"It's like finding out that there is no Santa," a survivor, sexually abused by a priest in his youth, said to me in a one-on-one conversation years ago. He was speaking of the loss of the wonder that childhood allows, with the second chapter of loss that came years later when he asked his Church to provide protection for others and justice. He'd experienced twice the loss of the luxury of looking to people who can guide and instruct without hurting those who look to the "magician" that the Church seems to fabricate, giving priests the advantage of control and power that is beyond what the vast majority of humans can possibly use wisely and ethically.
To the smallest children of our society, the men in the red suits are magicians who can make all dreams come true. To adults who haven't matured enough to stop believing in magic, that's what priests are, in fact.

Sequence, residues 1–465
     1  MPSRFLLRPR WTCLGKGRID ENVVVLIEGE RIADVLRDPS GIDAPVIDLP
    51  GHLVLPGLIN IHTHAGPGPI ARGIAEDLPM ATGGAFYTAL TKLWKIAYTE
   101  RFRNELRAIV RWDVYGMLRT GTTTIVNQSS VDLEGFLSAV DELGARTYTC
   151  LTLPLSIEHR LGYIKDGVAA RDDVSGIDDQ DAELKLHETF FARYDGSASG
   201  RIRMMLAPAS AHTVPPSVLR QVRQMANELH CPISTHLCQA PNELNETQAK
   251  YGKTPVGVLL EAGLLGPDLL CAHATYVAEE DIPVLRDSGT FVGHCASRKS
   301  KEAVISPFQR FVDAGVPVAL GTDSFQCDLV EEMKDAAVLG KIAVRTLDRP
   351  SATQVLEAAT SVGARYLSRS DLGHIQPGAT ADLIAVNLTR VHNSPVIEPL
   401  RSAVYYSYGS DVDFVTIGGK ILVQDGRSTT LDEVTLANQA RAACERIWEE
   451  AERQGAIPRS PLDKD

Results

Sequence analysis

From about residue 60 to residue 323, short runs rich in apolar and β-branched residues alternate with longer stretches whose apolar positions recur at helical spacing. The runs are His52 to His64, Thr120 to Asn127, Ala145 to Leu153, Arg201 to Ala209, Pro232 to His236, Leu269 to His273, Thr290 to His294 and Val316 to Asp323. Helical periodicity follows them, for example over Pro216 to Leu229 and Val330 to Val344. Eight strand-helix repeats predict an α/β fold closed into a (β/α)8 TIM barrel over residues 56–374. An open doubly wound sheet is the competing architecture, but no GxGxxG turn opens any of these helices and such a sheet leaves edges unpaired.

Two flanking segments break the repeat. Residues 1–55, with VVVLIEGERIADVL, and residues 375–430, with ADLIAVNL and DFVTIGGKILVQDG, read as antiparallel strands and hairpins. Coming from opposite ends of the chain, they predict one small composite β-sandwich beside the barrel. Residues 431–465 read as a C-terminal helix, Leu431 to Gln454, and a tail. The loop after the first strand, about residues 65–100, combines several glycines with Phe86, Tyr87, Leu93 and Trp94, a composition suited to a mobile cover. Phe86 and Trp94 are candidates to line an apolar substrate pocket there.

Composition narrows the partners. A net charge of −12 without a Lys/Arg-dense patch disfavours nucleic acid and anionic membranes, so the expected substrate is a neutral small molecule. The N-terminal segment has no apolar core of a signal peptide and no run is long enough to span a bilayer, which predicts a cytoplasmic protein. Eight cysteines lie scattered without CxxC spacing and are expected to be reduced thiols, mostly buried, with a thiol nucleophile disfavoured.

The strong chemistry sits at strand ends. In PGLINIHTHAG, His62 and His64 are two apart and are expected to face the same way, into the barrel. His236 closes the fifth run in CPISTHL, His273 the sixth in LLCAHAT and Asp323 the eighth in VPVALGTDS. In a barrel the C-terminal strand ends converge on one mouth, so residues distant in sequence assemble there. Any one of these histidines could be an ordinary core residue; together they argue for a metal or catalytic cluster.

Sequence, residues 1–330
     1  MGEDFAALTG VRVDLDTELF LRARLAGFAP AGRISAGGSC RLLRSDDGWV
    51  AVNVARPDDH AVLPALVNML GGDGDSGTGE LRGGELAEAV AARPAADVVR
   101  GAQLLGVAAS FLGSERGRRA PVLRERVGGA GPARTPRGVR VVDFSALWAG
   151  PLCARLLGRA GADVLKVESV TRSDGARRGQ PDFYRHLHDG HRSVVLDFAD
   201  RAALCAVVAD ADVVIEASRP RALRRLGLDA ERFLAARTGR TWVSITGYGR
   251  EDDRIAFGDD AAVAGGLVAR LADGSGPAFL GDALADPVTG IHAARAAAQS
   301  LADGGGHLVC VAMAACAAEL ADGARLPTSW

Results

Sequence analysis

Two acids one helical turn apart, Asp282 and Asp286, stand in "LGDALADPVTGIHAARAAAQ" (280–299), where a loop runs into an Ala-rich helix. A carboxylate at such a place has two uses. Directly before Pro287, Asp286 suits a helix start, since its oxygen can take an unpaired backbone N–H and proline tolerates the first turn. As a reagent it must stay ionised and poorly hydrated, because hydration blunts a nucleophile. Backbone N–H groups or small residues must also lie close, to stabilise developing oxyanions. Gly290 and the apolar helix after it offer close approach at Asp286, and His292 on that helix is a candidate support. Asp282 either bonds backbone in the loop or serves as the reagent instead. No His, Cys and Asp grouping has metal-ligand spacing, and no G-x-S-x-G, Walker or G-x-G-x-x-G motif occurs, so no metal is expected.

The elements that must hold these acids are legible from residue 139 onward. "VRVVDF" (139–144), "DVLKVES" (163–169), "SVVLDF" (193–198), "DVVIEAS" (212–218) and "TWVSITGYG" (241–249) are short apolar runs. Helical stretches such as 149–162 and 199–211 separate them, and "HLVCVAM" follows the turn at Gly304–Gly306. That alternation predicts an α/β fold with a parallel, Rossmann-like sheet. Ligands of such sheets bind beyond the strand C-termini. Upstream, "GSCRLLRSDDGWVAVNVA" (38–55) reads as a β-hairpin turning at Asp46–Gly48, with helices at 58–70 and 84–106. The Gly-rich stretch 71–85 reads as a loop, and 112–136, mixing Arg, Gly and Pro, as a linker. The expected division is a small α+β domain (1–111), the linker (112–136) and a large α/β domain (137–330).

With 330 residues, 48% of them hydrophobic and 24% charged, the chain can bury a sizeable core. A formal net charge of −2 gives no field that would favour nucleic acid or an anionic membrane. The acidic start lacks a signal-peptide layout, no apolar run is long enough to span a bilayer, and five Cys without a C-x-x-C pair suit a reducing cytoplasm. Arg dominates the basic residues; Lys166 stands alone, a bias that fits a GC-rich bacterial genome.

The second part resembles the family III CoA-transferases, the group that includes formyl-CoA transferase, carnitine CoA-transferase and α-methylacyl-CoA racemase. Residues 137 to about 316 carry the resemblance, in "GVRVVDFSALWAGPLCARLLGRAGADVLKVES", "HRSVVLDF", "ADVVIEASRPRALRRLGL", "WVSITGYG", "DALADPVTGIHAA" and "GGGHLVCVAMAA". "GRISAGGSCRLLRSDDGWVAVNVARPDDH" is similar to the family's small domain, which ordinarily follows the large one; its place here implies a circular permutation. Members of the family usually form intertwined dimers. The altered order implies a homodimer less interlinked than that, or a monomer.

As grown-ups, we often fail to recognize our own power. Real power that is just as difficult to explain as the power we give to Santa. Or to a priest. Yet it's a power that we can all possess if our hearts understand real power. For Christians, it's the power to embody the essence of Christ, so that we do not become perfect yet can uphold very high standards of showing compassion toward ourselves in order to show more compassion to others. Thereby, having the possibility of creating Christmas every day!